episode 35: “Cultural hegemony and why it should concern Americans today” with Ralph Benko and David Nammo


Why do 53 percent of millennials prefer socialism to capitalism? Probably because they don’t know what socialism is and neither does Bernie Sanders and others who embrace it. But how bad can it get? Democrats might be moving further to the left but it’s absurd to compare them to Marxists, right? My podcast guest, Ralph Benko, says you might be surprised at how similar their beliefs really are.

While Marxism never got much traction in the U.S. his ideas are still infiltrating our society through strategies developed by Antonio Gramsci. How much can the thoughts of an obscure Italian socialist who died in prison almost a century ago really matter today? A lot. They’re helping socialists gain power in the U.S. every day by infiltrating many of the institutions that impact our daily lives.

Learn just how this is working and how high the stakes are on my new podcast with Ralph Benko and David Nammo.


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featured guest(s)

David Nammo

<p>David Nammo has served as executive director and CEO of Christian Legal Society since 2012.</p> <p>He is the former executive vice president of the Leadership Project for America, where he worked ...


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Ralph Benko

<p><span style="font-weight: 400;">Ralph Benko is the author of </span><span style="font-weight: 400;">The Websters’ Dictionary: how to use the Web to transform the world</span><span style="font-wei ...


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episode 35 transcript

The Bill Walton Show

“Cultural Hegemony” and Why It Should Concern Americans Today – Part 1

David Nammo:

Yeah. That’s Lance.

Bill Walton:

[inaudible 00:00:18]

David Nammo:

They don’t know what these systems are.

Bill Walton:

No.

David Nammo:

It sounds great, they sound hip.

Bill Walton:

Yeah. They gotta be cool on the campus.

David Nammo:

Yeah.

Bill Walton:

Okay Ralph you ready?

Ralph Benko:

I’m ready.

Bill Walton:

Okay … welcome back. I wanted to talk with you today about something and it came across last week that I thought was pretty disturbing and needed some exploration and digging into. It was a poll that said that millennials would rather live in a socialist or a communist and even a fascist nation than in capitalism, I think it was 53% would prefer those systems. This is a pretty stunning result here, and I wanna dig into this about how we got to this point in America, and with a road leading maybe from Marx through an obscure Italian Marxist theorist named Gramsci, to this notion of cultural hegemony which is how you change people’s minds and change the way people think about what is common sense and how that might have been changing over the last fifty, sixty years. With me to talk about it is David Nammo who is the executive and director of the Christian Legal Society since 2012. David, welcome.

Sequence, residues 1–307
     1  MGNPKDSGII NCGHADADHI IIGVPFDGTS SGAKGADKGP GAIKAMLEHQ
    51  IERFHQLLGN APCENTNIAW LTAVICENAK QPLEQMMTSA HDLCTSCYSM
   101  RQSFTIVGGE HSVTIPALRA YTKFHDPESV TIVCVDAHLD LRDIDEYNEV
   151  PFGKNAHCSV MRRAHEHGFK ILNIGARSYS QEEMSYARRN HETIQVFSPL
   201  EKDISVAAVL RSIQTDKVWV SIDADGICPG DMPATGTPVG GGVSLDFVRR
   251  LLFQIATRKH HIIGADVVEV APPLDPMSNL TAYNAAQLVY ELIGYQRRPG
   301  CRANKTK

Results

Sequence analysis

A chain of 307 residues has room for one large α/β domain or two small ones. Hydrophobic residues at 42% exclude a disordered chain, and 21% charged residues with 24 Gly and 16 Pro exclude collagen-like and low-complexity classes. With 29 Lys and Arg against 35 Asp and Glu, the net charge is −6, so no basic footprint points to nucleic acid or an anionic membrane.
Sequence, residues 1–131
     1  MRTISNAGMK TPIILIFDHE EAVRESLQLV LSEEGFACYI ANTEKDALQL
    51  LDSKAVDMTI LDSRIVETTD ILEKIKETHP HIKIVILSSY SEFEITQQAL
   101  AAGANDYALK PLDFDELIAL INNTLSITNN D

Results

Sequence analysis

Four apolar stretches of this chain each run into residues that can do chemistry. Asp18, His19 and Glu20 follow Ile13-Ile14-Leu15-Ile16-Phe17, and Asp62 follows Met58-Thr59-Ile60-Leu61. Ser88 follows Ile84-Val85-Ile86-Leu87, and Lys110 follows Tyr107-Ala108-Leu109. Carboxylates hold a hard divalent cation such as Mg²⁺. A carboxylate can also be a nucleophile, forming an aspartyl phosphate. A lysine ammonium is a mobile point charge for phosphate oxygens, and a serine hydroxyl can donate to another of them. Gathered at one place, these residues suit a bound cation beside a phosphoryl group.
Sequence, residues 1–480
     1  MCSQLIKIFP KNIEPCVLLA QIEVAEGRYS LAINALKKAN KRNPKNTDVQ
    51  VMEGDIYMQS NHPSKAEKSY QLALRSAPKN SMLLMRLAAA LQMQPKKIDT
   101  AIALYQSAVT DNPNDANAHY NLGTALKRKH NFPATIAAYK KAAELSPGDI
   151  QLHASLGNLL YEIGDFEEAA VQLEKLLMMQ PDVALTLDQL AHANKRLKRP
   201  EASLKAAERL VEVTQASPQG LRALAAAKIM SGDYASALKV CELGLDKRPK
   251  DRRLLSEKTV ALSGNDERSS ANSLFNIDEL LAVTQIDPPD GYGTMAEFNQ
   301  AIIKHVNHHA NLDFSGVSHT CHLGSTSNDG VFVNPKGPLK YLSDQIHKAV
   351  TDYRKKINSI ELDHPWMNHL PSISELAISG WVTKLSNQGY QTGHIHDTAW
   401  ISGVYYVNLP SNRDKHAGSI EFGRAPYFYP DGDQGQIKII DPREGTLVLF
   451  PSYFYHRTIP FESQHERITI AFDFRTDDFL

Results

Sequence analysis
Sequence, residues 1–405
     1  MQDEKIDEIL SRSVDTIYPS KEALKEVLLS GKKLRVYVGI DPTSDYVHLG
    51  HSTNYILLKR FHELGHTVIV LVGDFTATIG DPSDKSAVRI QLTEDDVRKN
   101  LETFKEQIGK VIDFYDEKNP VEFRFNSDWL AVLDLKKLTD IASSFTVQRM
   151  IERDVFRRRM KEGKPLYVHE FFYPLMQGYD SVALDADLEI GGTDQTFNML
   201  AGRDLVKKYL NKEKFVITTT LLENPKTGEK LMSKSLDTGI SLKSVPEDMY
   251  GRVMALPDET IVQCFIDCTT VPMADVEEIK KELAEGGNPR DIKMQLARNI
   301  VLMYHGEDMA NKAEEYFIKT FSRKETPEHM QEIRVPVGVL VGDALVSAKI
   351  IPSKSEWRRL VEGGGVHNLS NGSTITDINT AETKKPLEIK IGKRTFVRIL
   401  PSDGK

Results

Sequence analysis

David Nammo:

Good to be here Bill.

Bill Walton:

And Ralph Benko who is the author of the Webster’s dictionary, one of the most important books written about the internet, Webster’s Dictionary: How to Use the Web to Transform the World. He’s also founder of the Prosperity Caucus back in the, I believe it was in the 70’s? And-

Ralph Benko:

85.

Bill Walton:

85, when it was founded-

Ralph Benko:

I’m not ancient Bill, so.

Bill Walton:

Well neither am I … we’ll talk. And the leading statistic there is that when he founded it the DOW was at 850, and now we think the DOW is closing in on 30,000 so good work, Ralph, and thanks for the prosperity. David, last year you wrote a interesting piece on an earlier version of the pole I just sited about socialism and how that’s become a hip and popular thing for people to wanna be, wanna brief us on what you learned?

David Nammo:

Yeah so they did a survey last year and essentially … and I’m of course simplifying it, it said that 40% of the people identified themselves as preferring socialism to capitalism.

Bill Walton:

Mm-hmm (affirmative)

David Nammo:

And after reading the pole and obviously poles are complicated, that, even at 40% is a tectonic shift in who we are and how we see ourselves. And so to me I think it was a result of really the big popularity of Bernie Sanders, he took … he’s always considered himself a socialist but all of the sudden he became a Democratic socialist to make himself I think a little bit more sexy to the electoral class as he was running for office. And you know “I wanna give college free to everybody.” Which is a great, I would love to not have to pay for my kids college, right? And healthcare for all, and the finest healthcare systems, all these grand ideas that I don’t know who is gonna pay for em. To me it was a shock. 40% of those surveyed prefer socialism over capitalism means that the universities are finally doing their job right? All this thinking.

Bill Walton:

Well what it says to me is they prefer free stuff. Whether they really understand what they’re saying when they like socialism I don’t know, I don’t think people quite get the difference in the economic systems. Ralph, you wanna weigh in?

Ralph Benko: